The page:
Simon Rattle’s Mahler 9

Some interpretations of Mahler’s
Ninth Symphony benefit from live recordings, and Rattle’s is one of them,
with tempos and textures that convey the score as vividly as Mahler composed
it. The details of the score are important, as evident in the fair copy of the
work, which was not yet performed when Mahler died. Those who have had the
privilege of examining that manuscript, though, are aware of the revisions that
it contains as the composer annotated it thoroughly. In contrast to the earlier
draft score, which contains some personal exclamations, about youth, love and
farewell, the fair copy lacks such indications. Instead, it contains details of
scoring, articulation, expression, and phrasing that convey instead the
vitality of the music, which emerges with appropriate style in this recent
recording of the work.

As much as many have special feelings about the “Finale” of the Ninth,
the first movement stands out a seminal work that bridges the Romantic world
and twentieth-century music. In this recording Rattle offers a thoughtful
reading of the first movement, which lasts almost twenty-nine minutes. It is a
spaciously planned performance that unfolds convincingly, with the musical
logic behind the score evident in its execution, with the brief motifs found at
the beginning of the movement clearly defined so that the musical narrative
proceeds logical from the opening as the larger themes of the exposition take
shape. The details of accompanying figures, including fanfares, glissandi, and
other elements support the thematic content of the piece likewise have their
place, as the contrast between smaller musical ideas and the larger structure
becomes a dynamic feature of Rattle’s interpretation. More importantly, the
sense of line, of musical continuity, is always apparent in this performance.

A similar masterful interpretation guides the performance of the two inner
movements, with the second benefitting from the fine playing of the Berlin
Philharmonic as it renders the details of the score with nuance and delicacy.
The various orchestral colors remain as distinct in the performance as they
occur in Mahler’s score. Tempos are likewise fluid, as Rattle brings the
score to life as convincingly here was in the first movement. The sometimes
angular lines in the low brass are characterized well, without the result ever
seeming grotesque or otherwise departing from the fine sense of style that
emerges from this performance.

The brass section brings this kind of finesse to the third movement, which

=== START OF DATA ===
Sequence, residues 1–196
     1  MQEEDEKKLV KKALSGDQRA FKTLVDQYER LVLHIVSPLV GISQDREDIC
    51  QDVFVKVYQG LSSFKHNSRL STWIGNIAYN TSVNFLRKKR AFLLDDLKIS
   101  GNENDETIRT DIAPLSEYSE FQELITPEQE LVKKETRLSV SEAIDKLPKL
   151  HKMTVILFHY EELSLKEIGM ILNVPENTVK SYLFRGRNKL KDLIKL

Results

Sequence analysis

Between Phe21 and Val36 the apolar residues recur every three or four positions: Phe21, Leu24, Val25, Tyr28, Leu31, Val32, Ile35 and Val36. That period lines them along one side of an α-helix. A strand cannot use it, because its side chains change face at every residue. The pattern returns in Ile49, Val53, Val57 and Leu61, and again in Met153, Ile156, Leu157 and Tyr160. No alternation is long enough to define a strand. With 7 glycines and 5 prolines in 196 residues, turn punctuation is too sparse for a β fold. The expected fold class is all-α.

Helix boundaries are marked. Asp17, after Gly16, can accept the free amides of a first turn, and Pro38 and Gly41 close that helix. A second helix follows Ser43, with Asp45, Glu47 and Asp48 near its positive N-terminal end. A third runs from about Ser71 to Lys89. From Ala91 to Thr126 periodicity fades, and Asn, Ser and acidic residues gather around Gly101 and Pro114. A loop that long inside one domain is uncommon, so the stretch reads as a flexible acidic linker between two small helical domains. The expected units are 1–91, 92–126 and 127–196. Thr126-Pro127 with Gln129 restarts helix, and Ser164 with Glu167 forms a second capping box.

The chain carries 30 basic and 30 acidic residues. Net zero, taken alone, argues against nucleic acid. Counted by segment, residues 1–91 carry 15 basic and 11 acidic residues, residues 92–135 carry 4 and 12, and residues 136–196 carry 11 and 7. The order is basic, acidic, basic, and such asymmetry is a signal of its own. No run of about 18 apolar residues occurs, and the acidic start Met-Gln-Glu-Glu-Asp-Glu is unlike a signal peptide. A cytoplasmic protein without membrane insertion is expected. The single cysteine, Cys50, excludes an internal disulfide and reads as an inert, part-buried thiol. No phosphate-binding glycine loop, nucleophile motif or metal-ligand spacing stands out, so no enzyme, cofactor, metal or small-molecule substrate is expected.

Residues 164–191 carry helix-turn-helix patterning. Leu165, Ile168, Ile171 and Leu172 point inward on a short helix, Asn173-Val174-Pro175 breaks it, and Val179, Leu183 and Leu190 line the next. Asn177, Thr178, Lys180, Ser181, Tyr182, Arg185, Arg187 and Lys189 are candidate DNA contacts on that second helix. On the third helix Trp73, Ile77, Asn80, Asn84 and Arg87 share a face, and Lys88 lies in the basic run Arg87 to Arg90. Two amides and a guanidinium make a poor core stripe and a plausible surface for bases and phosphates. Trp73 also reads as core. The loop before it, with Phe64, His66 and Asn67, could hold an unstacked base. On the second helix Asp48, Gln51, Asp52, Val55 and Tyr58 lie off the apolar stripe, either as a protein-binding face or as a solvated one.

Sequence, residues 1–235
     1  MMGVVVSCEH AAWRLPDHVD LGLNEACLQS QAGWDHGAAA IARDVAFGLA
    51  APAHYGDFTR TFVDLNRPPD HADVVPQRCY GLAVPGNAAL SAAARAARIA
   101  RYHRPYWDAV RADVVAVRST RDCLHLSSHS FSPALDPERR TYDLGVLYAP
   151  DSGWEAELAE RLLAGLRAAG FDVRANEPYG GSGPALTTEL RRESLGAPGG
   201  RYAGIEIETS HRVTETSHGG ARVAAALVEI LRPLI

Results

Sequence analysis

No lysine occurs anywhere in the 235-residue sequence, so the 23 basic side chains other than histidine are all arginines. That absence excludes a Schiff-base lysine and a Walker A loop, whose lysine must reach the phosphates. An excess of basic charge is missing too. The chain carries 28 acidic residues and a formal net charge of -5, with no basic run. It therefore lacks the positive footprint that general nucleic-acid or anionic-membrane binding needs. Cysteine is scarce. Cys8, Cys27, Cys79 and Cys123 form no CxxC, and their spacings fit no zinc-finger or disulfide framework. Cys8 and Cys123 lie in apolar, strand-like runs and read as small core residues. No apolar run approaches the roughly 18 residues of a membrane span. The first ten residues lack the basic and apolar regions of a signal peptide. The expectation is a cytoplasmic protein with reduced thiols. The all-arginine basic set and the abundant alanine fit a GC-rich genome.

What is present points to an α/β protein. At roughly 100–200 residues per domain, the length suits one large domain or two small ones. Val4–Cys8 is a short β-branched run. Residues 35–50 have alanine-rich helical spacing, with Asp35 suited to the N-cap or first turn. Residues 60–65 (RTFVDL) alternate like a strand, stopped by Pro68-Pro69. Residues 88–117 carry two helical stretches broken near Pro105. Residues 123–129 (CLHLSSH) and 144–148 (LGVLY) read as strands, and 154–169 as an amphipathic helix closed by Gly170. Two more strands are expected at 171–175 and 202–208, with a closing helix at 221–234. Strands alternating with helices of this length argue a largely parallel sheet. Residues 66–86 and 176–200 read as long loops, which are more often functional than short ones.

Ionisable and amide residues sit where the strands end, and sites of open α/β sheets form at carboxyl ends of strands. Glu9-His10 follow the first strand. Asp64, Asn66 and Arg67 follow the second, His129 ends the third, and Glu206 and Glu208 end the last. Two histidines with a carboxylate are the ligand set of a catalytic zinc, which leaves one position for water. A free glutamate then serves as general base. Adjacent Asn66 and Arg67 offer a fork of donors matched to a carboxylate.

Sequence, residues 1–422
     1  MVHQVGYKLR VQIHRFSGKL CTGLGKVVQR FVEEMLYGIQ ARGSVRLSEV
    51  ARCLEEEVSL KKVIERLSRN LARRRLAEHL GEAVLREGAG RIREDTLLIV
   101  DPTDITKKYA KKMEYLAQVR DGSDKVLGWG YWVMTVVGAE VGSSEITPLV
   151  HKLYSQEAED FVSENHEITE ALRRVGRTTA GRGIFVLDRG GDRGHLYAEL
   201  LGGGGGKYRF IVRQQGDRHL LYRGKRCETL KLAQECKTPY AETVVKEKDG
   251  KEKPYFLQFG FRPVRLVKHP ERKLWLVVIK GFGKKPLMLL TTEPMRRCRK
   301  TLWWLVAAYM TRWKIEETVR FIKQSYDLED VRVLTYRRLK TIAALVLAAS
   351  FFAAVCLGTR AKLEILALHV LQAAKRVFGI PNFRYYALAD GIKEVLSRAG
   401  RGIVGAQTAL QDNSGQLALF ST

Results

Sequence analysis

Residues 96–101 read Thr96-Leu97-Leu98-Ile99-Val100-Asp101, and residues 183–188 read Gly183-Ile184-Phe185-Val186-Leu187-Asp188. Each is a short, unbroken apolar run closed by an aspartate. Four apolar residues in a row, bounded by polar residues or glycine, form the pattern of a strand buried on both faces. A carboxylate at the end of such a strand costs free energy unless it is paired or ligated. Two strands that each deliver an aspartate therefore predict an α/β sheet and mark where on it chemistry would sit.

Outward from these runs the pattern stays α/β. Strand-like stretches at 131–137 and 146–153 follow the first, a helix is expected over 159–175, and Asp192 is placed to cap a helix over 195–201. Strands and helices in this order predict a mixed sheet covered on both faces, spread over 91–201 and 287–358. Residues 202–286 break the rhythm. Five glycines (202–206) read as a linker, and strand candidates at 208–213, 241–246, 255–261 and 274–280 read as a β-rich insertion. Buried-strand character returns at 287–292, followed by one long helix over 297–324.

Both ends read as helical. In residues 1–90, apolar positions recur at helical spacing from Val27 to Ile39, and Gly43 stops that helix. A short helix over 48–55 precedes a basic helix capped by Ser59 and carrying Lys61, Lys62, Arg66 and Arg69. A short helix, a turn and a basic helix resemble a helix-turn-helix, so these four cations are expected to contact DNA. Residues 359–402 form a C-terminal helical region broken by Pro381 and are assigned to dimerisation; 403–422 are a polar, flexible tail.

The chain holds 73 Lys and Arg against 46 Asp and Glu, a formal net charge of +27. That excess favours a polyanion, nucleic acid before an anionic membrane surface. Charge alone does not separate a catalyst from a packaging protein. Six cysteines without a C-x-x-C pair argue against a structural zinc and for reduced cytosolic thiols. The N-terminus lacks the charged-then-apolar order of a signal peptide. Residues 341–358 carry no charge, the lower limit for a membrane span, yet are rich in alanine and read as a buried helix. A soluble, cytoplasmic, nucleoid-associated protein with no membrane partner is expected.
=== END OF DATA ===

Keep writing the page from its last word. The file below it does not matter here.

has a sense of urgency that guides the ideas as they unfold. Here the woodwinds
demonstrate their fine timbre and sense of ensemble in the textures Mahler
scored carefully in this music. As clear as the details appear in this
performance, they serve the line, which supports Rattle’s keen sense of the
musical narrative in a virtuosic performance of the “Rondo-Burleske.”

Yet it is the “Finale” that many listeners recall strongly, and here
Rattle offers a reading that supports the score without lapsing into
heart-on-the-sleeve sentimentality. In following the details of Mahler’s
score, Rattle serves the sense of music well, as it rich textures and full
sonorities of the work are rendered vividly. The tone is entirely appropriate
to the tempos, as it is possible to hear the articulation of chords and pitches
resonate well throughout the movement. This interpretation is consistent with
the elegiac sense that emerges in Rattle’s performances of “Der Abschied”
in Das Lied von der Erde, a sense that is all the more admirable for
the lack of verbal text in the Ninth to serve as a guide. The contrasts of
texture and dynamics support the music line, which is clearly presented here as
in the other three movements of this exemplary performance of Mahler’s
Symphony no. 9. The conclusion complements the first movement, with the dynamic
tension sustained through the final pitches, as they dissolve into silence at
the end of this remarkable recording.

This is Rattle’s second recording of Mahler’s Ninth, with the other
released separately and later reissued as part of the set of the composer’s
symphonies by the conductor. As strong as the earlier recording may be, the
second merits attention for subtle differences that it contains. The
exceptional playing of the Berlin Philharmonic allows Rattle to create an
outstanding recording of this masterpiece.

James L. Zychowicz

image_description=EMI Classics 5-01228-2
product_title=Gustav Mahler: Symphony no. 9.
product_by=Berlin Philharmonic, Sir Simon Rattle, conductor.
product_id=EMI Classics 5-01228-2 [2CDs]